We’ve written it before in reviews, but it’s worth stating it here again – Porsche doesn’t do ‘cheap’ cabins. Any Porsche cabin – regardless of specification grade – is an execution of quality, insulation and comfort. If Porsche can build a 911 that you can live with day to day, there’s no doubt a Macan will deliver to the same brief. The sports seats are comfortable and adjustable for a range of drivers, and there’s plenty of storage, such as door pockets that are actually useful and cupholders that don’t get in the way.
While the second row is compact – as befits the medium-SUV segment – there’s enough room for two back there, making the Macan GTS road-trip capable. The second row gets air vents as it should, and there are ISOFIX provisions at the two outer seats' points.
The luggage area isn’t as big as some – 488L with the second row in play – but it’s handy enough for the family unless you lug around a super-sized stroller.
From the driver’s seat, the Macan is ready for Porsche’s decluttering of the controls and switchgears. Don’t get me wrong, it all feels and looks premium, but the newest generation of Stuttgart switchgear benefits from the rationalising that Porsche has done in the control centre. In the old system, there’s plenty to work out and get familiar with, but once you do, it is logical to use.
Crucially, though, the GTS is both comfortable and sporting. This specification grade is aimed at the buyer who might feel the inclination to rip in on occasion on the right road, and the GTS ensures that is the case. You can sit down low into the cabin if you desire, which I like to do in anything sporty, and it certainly feels more sports wagon than it does family truckster.
We loved the analogue gauge cluster ahead of the driver, which also looks more like what you’d see ahead of you in a sports car. I always tend to toggle across to satellite navigation in the digital section, but you can choose your preference of course.
Wind the forced-induction V6 into life and it’s got that sinister snarl about it. Hinting at what it's capable of when you let it off the leash. It will rev hard and enthusiastically up to its near 7000rpm redline, and the nature of the engine note means you’ll be tempted. Often.
As Porsche has a tendency to do, lag is almost imperceptible. Get on the throttle hard and it rockets off the mark, piling on speed to redline with that solid whack of torque coming on strong right through the mid-range.
Once on the move and with the V6 singing, Porsche’s brilliant PDK comes into its own, with rapid-fire shifts no matter how hard you’re asking it to work. It remains the gold standard across performance and tootling round town.
As the revs rise, the exhaust screams louder, and the GTS is getting pushed harder to the oncoming corner – turn in and the steering is so precise, you’ll quickly forget all about the SUV skin that surrounds you. There’s real Porsche sports car DNA here, whether other drivers will want to admit it or not.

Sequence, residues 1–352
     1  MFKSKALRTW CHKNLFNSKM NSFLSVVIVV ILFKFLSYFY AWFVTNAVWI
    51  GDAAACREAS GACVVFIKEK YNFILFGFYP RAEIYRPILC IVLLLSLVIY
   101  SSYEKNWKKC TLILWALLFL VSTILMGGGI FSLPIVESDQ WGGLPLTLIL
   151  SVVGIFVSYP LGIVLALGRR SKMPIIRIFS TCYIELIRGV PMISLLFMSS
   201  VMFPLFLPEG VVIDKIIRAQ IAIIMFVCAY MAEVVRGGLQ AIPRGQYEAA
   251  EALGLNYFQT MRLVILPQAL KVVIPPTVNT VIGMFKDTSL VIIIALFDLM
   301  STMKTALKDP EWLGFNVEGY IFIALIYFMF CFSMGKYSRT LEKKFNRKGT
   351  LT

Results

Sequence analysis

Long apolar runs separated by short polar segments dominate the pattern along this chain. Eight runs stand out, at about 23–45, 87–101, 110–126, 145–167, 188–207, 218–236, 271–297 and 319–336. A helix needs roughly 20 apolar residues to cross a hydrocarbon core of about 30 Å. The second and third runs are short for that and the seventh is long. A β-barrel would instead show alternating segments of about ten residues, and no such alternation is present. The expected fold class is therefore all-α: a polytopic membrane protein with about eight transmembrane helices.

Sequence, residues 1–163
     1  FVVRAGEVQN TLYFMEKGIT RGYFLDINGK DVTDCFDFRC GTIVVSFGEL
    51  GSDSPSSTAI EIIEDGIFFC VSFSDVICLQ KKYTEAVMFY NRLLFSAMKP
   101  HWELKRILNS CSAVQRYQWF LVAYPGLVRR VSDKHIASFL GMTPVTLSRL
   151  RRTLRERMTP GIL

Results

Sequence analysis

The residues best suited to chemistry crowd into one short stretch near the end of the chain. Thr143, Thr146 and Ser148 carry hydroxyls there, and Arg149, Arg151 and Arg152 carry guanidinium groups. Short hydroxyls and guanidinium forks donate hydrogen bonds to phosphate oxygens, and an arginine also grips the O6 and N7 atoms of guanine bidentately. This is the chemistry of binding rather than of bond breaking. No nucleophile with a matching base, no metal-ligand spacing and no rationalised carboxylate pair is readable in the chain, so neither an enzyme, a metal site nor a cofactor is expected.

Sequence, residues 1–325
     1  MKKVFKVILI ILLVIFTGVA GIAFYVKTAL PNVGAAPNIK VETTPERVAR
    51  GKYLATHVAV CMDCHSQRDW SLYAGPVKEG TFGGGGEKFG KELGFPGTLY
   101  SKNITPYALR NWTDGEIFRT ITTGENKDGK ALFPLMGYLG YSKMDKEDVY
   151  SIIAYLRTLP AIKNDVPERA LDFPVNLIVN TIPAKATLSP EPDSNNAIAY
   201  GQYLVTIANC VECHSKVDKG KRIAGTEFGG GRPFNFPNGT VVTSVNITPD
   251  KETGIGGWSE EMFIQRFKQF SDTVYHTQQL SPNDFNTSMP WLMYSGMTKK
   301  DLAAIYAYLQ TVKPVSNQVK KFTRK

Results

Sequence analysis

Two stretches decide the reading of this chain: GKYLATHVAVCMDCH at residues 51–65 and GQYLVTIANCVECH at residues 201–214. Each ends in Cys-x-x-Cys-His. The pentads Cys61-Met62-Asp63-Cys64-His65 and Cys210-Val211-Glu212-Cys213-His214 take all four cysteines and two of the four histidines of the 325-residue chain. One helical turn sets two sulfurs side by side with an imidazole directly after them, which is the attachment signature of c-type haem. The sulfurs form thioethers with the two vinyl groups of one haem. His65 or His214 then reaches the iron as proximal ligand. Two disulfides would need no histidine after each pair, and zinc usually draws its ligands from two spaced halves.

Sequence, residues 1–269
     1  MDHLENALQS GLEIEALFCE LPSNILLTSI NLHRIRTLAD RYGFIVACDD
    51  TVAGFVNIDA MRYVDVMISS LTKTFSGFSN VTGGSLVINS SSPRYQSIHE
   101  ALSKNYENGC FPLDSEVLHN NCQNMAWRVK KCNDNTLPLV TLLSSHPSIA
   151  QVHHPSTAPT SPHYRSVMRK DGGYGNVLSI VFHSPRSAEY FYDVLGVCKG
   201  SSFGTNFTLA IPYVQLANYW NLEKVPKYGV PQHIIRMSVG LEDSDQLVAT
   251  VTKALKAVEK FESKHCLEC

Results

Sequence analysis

The other factor that constantly impresses with any Porsche is ride quality. If Land Rover sets the adjustable-suspension standard in the large-SUV space, Porsche does it just about everywhere else. It’s inconceivable that a 911 can ride as well as it does on poor roads, given what it’s capable of. In a slightly less fearsome manner, the GTS runs the same race.
The ride is firmer than a spongy SUV, but this is claiming to be a sports SUV remember, and as such, I reckon Porsche has got it as close to perfect as it can be. The generally taut feeling of the chassis matches nicely to the sharpness of the steering, the braking performance, and the overall balance of the package.
The GTS glides over pockmarked city streets, unaffected by the nature of the surface or the sharpness of the speed humps. The cabin never feels anything other than comfortable and solid no matter what the tyres are dealing with beneath you.
On that note, I was so impressed with the performance of the Michelin Latitude tyres fitted to the Macan, I built my wheel package around them for the 1966 Chevrolet C10 I’m customising. Their broad grip capability illustrates the effectiveness of fitting quality tyres to performance vehicles of any kind.
Against a claimed 10.0L/100km, we used 11.6L/100km after a week behind the wheel, with enthusiastic driving and heavy traffic pushing that number higher than it will be if you take a longer cruise on the open road. Expect it to drop neatly into single figures if you do.
The 2020 Macan is covered by Porsche Australia’s three-year/unlimited-kilometre warranty, and requires a visit to the service centre every 12 months/15,000km. Service costs vary from just under $700 for a basic service, up to around the $1900 mark for a major service.
The Macan is a five-star-safety-rated car, but it was tested some time ago, and the suite of electronic safety aids that you might expect to be standard are, in fact, optional.
For all the reasons noted above, we’ve nailed the GTS as our pick of the Macan range. The Turbo might be faster, and there are more affordable grades, of course, but the GTS strikes the perfect balance between them. It’s a sensational, proper performance SUV.